6.    They describe the quality of student work done during the period which is being reported on. They are descriptions of performance.
7.    They are NOT descriptions of student progression against the syllabus standard as was the case with working towards/working at/working beyond or some similar scale.
8.    The A to E can be used at any time during a stage and describe the quality of student work for the reporting period. They are NOT end of stage descriptors only, but can be used at the end of a stage as well as during the stage.
9.    To assist teachers understand the performance standards represented by the A to E descriptions, the Board of Studies is publishing some sample of student work on its website These samples relate to particular tasks and are provided to help teachers develop a common understanding of what A, B. C. D and E work might look like within a subject and within a stage.
10.    It will take some time, possibly several years, for teachers to come to a common understanding of these standards and many more work samples will be needed and progressively provided by the Board of Studies.
11.    Teachers do NOT grade work samples. That grading is the job of the Board of Studies. Teachers make a holistic A to E judgement about the overall quality of a student’s work at the time of reporting and in relation to the period being reported on.
12.    Consistency of judgement will come as teachers engage the standards represented by the work samples and work collegially to discuss how students’ work, the BOS work samples and the A to E descriptors align.

Some of the questions and discussion that followed focussed on different issues for primary and secondary schools related to assessment and the need to provide cohort information for parents. Many secondary schools indicated that they would include this information on their reports. Some suggestions were:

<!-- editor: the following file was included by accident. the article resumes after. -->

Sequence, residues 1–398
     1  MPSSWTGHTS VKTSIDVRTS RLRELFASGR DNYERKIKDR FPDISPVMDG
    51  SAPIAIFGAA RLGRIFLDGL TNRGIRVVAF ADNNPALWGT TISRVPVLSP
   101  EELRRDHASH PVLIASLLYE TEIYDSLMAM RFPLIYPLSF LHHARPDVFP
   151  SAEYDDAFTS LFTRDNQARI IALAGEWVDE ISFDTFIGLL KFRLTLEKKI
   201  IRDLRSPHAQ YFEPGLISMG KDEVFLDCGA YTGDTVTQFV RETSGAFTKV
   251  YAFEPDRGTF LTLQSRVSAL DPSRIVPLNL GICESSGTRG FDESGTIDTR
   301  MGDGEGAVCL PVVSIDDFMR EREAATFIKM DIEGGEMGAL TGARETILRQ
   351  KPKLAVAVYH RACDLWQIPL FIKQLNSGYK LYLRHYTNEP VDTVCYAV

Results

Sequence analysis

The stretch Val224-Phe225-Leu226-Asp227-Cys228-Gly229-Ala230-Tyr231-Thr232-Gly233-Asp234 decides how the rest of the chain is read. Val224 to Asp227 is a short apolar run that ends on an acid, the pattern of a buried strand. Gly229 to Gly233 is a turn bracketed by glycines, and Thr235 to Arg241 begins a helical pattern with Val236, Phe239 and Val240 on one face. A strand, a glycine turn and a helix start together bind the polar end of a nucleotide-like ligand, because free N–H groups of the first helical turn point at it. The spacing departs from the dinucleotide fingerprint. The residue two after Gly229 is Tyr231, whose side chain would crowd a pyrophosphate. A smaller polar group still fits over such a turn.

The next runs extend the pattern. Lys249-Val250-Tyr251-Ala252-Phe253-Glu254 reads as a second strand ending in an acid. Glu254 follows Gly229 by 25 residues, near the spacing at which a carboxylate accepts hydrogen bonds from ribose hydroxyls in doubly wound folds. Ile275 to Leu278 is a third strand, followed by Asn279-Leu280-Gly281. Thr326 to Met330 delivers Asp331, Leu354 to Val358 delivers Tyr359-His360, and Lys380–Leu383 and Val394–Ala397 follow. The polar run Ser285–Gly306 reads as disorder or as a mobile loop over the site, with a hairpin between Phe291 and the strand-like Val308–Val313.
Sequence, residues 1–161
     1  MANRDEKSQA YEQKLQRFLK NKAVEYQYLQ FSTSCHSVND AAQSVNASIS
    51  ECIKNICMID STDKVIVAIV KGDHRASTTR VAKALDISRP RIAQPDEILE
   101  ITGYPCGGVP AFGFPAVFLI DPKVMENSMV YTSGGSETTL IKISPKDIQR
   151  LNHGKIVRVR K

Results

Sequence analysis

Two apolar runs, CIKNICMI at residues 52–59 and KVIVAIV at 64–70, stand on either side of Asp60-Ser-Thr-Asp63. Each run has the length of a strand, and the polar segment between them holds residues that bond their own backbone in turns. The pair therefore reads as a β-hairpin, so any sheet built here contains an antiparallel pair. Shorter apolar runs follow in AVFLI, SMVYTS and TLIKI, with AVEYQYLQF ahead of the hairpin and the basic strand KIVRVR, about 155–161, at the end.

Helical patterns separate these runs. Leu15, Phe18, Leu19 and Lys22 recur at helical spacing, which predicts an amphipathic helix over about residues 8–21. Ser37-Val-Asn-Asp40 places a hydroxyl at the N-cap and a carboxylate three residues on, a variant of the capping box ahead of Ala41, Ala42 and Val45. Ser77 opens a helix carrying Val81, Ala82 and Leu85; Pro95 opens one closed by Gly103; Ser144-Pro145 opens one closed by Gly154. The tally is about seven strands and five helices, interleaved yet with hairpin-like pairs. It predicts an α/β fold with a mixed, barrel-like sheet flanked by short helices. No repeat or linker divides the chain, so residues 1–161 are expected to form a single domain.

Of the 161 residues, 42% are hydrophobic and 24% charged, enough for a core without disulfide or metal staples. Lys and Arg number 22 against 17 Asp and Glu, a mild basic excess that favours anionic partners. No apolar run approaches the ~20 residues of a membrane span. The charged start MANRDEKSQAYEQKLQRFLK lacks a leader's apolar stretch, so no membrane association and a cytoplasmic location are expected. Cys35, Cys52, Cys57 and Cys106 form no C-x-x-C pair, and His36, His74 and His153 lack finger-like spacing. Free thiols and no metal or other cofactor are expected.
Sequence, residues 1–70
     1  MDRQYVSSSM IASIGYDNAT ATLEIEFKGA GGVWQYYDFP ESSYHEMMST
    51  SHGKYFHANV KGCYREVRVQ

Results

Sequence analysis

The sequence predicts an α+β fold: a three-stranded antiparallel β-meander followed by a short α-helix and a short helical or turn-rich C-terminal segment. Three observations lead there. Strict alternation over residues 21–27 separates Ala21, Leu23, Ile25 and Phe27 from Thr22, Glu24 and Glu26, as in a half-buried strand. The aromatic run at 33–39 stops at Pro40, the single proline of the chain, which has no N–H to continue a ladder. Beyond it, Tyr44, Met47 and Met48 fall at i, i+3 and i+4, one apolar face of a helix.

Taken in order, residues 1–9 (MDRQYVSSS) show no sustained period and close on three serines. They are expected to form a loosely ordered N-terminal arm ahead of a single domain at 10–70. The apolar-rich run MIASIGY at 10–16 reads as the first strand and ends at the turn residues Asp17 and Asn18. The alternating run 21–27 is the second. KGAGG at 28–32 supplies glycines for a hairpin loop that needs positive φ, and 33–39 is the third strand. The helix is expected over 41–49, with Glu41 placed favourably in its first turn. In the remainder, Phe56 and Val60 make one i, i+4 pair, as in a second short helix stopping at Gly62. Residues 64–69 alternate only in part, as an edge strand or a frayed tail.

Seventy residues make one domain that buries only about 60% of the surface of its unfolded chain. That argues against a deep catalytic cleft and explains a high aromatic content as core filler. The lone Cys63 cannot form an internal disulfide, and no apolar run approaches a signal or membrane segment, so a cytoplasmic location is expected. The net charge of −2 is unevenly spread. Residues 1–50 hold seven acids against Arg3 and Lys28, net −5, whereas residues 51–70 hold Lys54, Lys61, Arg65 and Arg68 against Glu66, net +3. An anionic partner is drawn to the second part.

1.    Including the number of students who achieved each of the A to E grades
2.    Position in class or year group
3.    Quartiles, deciles and other fix percentage schemes
Primary teachers were less comfortable with these suggestions and preferred to have the information available to give to parents on request.

Some secondary teachers saw the possibility of using existing assessment policies that added assessment components and weighting to provide a rank order. Then teachers could look at the ranking and find the student whose work demonstrated that they were at the cut-off points between an A and a B, etc and allocate grades accordingly. Some teachers had difficulty with standards referencing all the students and wanted incorrectly to allocate fixed percentages to the grades which would negate standards referencing.

The problem of students, mainly in English and mathematics, working out of their stage was discussed.  It was recognised that learning in these subjects was sequential and hierarchical. Students who had not achieved the outcomes of the previous stage still needed to be engaged in the content of their current stage while remedial measures were taken. These students would still need an A to E based on the quality of work in the stage at the time of reporting.